On the face of it, there surely can’t be many places more ready for the Semantic Web than the world’s great museums. Vast quantities of richly structured data describing visually compelling objects that people already flock to see? A raison d’etre that is about sharing information and enhancing understanding? A tradition, stretching back several hundred years, of describing things clearly?
If my conversation with Koven Smith of New York City’s Metropolitan Museum of Art is any indication, though, the truth would appear rather different.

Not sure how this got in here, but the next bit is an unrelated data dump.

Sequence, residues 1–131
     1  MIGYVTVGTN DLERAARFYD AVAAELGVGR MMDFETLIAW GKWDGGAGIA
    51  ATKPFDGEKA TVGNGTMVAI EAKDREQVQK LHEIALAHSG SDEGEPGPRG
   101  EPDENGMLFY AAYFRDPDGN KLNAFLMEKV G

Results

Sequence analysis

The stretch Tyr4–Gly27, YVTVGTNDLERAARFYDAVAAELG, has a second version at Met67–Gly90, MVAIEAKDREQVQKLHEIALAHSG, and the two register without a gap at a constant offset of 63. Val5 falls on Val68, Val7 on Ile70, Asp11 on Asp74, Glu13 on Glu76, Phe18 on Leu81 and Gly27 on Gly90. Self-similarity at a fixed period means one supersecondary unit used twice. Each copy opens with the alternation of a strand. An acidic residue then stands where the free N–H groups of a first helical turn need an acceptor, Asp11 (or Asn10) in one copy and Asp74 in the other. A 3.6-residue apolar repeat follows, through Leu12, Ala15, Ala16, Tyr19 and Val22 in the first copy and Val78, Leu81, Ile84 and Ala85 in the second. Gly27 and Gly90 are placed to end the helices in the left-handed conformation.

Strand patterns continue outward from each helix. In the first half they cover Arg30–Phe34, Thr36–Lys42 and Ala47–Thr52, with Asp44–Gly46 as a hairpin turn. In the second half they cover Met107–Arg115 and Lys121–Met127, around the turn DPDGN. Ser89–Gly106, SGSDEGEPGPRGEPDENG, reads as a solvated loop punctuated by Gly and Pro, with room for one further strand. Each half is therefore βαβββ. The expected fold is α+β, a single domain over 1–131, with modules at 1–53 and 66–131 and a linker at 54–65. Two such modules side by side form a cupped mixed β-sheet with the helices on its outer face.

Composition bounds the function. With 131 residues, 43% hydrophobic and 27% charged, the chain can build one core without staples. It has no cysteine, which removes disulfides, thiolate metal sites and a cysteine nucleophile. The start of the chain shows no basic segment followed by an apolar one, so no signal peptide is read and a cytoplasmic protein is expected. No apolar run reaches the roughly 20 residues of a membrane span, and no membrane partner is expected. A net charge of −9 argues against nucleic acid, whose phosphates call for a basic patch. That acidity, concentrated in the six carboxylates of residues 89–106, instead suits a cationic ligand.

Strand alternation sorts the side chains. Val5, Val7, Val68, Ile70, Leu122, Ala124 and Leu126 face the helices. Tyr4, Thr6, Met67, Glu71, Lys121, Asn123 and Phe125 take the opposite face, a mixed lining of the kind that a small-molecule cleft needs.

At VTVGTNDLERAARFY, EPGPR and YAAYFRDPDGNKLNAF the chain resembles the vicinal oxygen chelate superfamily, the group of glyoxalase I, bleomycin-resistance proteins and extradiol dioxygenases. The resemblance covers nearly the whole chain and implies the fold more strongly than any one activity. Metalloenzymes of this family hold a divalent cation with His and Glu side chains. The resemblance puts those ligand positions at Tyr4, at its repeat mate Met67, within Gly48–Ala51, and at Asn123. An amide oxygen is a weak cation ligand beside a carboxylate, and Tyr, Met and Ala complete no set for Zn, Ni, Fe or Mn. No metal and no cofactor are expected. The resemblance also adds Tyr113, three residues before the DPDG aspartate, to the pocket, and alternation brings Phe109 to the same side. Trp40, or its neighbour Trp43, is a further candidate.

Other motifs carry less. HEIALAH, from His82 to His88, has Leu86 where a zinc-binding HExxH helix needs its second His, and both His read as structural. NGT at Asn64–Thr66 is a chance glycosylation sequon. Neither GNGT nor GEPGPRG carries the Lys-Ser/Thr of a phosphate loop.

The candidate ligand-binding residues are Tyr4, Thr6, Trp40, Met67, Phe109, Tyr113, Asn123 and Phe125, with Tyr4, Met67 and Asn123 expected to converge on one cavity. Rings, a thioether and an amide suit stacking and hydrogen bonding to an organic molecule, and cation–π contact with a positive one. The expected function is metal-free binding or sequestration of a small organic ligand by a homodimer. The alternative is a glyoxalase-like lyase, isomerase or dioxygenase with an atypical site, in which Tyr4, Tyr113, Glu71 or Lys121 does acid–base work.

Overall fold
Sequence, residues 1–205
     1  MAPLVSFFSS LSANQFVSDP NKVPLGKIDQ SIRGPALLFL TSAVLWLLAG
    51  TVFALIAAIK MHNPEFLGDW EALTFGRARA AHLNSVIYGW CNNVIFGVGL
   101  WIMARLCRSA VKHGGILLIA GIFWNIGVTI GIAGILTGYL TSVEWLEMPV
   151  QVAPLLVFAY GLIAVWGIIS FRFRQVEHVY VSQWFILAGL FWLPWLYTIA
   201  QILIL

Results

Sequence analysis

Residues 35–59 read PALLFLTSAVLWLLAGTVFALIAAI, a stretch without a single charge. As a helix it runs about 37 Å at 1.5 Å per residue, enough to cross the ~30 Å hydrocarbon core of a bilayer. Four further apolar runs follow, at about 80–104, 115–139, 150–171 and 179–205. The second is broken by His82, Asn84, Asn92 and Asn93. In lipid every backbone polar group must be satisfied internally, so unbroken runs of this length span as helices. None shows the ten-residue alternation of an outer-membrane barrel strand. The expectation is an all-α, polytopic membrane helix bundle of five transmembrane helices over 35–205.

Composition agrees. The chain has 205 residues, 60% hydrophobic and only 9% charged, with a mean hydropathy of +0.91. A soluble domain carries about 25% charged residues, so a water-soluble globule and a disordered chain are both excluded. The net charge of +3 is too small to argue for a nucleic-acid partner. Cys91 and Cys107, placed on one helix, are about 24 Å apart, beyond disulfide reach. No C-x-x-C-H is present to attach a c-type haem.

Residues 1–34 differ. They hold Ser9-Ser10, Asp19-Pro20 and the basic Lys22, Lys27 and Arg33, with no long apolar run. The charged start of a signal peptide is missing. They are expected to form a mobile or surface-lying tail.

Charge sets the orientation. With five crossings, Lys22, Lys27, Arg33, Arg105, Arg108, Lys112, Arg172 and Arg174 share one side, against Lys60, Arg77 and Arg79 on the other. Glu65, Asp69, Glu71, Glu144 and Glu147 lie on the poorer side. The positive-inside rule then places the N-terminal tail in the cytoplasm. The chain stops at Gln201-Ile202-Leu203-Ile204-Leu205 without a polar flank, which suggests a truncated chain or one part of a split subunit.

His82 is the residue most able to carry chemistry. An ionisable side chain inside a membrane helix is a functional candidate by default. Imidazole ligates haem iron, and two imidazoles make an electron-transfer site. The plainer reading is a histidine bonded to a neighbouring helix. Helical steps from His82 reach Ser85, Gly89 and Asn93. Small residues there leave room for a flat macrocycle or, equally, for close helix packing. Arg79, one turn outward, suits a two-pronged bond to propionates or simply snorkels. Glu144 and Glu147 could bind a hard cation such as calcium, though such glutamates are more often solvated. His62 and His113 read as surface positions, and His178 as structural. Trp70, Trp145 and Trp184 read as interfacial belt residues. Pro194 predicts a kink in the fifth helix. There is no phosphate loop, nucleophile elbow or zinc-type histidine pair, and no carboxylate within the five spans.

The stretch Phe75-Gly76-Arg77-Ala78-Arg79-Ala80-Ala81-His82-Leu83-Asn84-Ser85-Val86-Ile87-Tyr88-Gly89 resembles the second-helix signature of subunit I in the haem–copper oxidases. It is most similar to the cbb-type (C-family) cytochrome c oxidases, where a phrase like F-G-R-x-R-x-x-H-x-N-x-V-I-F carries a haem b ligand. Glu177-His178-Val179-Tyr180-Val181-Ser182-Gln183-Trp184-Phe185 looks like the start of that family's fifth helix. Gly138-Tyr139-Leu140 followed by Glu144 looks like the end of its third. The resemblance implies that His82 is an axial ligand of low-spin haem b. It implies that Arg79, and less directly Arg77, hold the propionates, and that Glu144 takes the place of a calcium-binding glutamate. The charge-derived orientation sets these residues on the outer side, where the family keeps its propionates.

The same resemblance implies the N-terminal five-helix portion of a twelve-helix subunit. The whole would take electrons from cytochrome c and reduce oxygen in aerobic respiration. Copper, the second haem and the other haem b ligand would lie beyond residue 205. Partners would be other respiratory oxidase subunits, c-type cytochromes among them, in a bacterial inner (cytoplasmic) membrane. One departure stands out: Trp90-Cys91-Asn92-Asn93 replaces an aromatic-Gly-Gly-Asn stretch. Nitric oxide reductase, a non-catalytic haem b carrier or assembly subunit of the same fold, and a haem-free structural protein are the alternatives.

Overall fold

He talks, depressingly but all too familiarly, of vendor lock-in, competing institutional priorities, and a tradition of remarkable insularity within institutions that really should be more open.
Even in the face of this, though, Koven is able to describe work at the Met to leverage third party tools such as Open Calais and Semantic MediaWiki in enriching possible interactions with the museum’s institutional memory.
Have a listen, and see what you think.
I am aware of similar work at Amsterdam’s Rijksmuseum and behind the European Commission‘s struggling Europeana, and should try to secure similar conversations with them. Is anyone aware of other examples?